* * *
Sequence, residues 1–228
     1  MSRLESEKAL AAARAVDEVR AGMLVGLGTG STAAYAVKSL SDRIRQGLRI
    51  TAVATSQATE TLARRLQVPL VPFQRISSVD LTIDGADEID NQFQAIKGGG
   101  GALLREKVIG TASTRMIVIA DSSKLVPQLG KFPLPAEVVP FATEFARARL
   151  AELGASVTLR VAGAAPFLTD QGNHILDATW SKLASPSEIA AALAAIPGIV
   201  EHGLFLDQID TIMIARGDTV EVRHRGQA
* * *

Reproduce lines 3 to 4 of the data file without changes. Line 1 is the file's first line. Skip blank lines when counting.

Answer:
    51  TAVATSQATE TLARRLQVPL VPFQRISSVD LTIDGADEID NQFQAIKGGG
   101  GALLREKVIG TASTRMIVIA DSSKLVPQLG KFPLPAEVVP FATEFARARL